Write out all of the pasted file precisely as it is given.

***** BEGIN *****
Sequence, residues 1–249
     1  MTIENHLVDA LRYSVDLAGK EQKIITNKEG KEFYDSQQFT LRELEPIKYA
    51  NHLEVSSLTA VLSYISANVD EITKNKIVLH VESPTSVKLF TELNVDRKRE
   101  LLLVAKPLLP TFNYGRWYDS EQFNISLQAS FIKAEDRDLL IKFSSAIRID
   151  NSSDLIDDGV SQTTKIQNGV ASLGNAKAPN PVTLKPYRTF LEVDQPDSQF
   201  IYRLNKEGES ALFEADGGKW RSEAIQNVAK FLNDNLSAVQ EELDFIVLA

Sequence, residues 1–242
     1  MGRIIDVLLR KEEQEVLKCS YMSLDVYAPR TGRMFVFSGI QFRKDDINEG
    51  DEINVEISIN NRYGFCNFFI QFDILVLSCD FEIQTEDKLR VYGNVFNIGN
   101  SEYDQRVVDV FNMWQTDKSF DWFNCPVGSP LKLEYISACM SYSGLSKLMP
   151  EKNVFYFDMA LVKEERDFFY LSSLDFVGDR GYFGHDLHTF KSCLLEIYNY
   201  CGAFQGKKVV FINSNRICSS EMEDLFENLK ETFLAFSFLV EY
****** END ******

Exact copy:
Sequence, residues 1–249
     1  MTIENHLVDA LRYSVDLAGK EQKIITNKEG KEFYDSQQFT LRELEPIKYA
    51  NHLEVSSLTA VLSYISANVD EITKNKIVLH VESPTSVKLF TELNVDRKRE
   101  LLLVAKPLLP TFNYGRWYDS EQFNISLQAS FIKAEDRDLL IKFSSAIRID
   151  NSSDLIDDGV SQTTKIQNGV ASLGNAKAPN PVTLKPYRTF LEVDQPDSQF
   201  IYRLNKEGES ALFEADGGKW RSEAIQNVAK FLNDNLSAVQ EELDFIVLA

Sequence, residues 1–242
     1  MGRIIDVLLR KEEQEVLKCS YMSLDVYAPR TGRMFVFSGI QFRKDDINEG
    51  DEINVEISIN NRYGFCNFFI QFDILVLSCD FEIQTEDKLR VYGNVFNIGN
   101  SEYDQRVVDV FNMWQTDKSF DWFNCPVGSP LKLEYISACM SYSGLSKLMP
   151  EKNVFYFDMA LVKEERDFFY LSSLDFVGDR GYFGHDLHTF KSCLLEIYNY
   201  CGAFQGKKVV FINSNRICSS EMEDLFENLK ETFLAFSFLV EY